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The Torah provides a substantial amount of detail regarding the laws of what animals we’re allowed to eat as well as those we are commanded to stay far away from. No insects or shellfish are allowed. The only seafood we’re allowed is those fish that have scales and fins.

The Torah also gives a long list of all the birds we’re not allowed to eat. The number of kosher birds we can partake of is relatively limited and are exclusively non-predatory.

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In the mammal category, there is the general guideline of only being allowed to eat animals who both chew their cud and have split hooves. Beyond that general guideline, the Torah also specifies mammals who have one or the other of those attributes which are not kosher. Having split hooves or chewing its cud is not enough; the animal is only kosher if it has both attributes. The prime and notorious example of a non-kosher mammal is the pig, which even though it has split hooves, it doesn’t chew its cud.

The verse immediately after the one that singles out the pig and its other non-kosher mammal friends states that not only should you not eat these animals, but you shouldn’t even touch their carcass.

The Bechor Shor on the verse (Leviticus 11:8) wonders about the seeming redundancy. If you’re not allowed to even touch the dead meat, then how would one come to eat it?

He explains that while the prohibition regarding non-kosher food is quite strict, the statement regarding not touching the non-kosher item is just some good advice and not a legal obligation according to Jewish law.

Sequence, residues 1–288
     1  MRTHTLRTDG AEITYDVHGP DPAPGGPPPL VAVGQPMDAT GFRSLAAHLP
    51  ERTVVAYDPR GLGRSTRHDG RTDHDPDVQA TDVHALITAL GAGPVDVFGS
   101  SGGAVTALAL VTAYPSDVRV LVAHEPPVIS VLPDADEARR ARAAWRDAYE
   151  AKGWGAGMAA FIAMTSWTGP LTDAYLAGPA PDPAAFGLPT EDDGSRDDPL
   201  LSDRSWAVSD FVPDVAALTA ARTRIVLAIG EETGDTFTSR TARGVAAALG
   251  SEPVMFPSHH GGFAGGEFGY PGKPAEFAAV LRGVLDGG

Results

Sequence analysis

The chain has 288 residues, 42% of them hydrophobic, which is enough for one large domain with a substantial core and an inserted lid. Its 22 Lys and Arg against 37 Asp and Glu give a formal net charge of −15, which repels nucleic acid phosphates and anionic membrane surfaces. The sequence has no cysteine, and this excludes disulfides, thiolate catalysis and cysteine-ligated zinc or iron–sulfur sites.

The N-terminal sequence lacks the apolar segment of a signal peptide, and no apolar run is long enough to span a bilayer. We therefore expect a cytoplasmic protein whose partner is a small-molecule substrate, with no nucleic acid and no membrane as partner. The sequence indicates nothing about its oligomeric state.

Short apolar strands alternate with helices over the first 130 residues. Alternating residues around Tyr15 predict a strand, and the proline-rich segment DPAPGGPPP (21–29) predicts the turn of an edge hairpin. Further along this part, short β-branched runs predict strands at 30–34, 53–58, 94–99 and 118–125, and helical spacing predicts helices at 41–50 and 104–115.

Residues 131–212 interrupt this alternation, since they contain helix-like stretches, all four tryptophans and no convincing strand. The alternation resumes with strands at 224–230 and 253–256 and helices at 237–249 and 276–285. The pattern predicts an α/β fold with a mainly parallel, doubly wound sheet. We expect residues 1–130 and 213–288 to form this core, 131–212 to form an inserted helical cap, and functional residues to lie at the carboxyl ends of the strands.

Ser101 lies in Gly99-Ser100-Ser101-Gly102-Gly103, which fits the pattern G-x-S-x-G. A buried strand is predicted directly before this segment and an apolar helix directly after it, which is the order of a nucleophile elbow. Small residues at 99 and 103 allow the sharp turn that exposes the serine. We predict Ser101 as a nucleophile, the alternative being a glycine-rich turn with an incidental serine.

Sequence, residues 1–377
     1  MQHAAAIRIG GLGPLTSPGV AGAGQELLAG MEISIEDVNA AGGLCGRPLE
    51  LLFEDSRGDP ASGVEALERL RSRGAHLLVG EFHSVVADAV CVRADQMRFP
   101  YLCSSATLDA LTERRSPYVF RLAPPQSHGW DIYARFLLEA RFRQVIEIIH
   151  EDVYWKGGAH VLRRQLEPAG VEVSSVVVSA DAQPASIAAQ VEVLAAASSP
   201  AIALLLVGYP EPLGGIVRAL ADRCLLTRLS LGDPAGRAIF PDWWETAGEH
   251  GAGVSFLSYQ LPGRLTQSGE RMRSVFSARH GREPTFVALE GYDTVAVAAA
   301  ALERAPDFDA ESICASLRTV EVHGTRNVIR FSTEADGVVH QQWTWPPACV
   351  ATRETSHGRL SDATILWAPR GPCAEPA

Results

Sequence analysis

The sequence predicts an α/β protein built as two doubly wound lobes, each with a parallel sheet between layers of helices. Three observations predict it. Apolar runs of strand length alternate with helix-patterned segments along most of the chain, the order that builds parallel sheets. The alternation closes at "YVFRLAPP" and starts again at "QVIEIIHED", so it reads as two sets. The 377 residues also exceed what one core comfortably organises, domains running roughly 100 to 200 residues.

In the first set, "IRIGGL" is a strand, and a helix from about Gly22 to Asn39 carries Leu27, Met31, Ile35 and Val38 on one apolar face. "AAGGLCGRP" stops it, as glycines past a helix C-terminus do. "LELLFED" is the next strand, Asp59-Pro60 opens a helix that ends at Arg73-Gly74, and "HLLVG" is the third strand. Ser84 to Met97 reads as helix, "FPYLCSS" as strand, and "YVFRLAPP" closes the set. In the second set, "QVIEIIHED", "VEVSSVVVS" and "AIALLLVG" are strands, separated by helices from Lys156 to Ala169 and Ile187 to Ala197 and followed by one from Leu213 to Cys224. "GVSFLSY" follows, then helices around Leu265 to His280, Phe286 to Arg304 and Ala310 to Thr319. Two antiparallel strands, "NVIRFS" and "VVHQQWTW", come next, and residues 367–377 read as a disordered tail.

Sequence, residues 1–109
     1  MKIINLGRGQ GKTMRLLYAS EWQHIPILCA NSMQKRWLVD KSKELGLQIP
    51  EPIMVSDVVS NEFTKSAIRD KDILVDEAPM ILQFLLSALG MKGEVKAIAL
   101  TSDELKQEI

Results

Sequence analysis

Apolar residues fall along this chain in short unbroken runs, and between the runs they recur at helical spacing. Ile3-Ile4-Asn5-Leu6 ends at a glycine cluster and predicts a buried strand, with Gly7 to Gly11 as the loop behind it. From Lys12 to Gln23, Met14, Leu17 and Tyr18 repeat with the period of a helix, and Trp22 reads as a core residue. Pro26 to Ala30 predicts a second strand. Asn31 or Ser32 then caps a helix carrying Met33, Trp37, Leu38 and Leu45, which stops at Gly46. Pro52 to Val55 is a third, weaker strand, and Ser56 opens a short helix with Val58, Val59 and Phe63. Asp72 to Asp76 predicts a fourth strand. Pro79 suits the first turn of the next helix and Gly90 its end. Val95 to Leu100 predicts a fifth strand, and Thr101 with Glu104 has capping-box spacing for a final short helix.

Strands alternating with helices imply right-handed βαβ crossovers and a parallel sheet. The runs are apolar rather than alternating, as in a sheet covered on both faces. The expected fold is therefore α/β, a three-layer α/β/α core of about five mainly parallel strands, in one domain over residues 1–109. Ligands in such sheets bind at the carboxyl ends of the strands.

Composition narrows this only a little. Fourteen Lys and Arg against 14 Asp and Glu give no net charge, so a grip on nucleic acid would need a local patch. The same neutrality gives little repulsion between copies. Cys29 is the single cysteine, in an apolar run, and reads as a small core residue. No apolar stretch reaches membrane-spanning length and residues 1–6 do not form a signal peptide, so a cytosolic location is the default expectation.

He elaborates that there is something intrinsically filthy and disgusting about non-kosher food that even touching it could somehow contaminate us. It possesses an impurity and foulness that can somehow be conveyed not only into our bodies but to our very souls. However, if one were to find a dead carcass of non-kosher meat in one’s home, one would be obliged to remove it, even though it would entail touching it. The slight contact with the contaminating food in order to remove it is justified in comparison to keeping the putrid item in your home.

May we always remain far away from items that may contaminate us and only partake of clean, healthful food.

Shabbat Shalom,

Ben-Tzion

Dedication: To the opening up of venues in general, and Yeshiva in particular.

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Ben-Tzion Spitz is a former Chief Rabbi of Uruguay and current candidate for Knesset with the Zehut party. He is the author of ten books on biblical themes and over 700 articles and stories dealing with biblical and rabbinic themes at his blog ben-tzion.com. Ben-Tzion is a graduate of Yeshiva University and received his Master’s in Mechanical Engineering from Columbia University.
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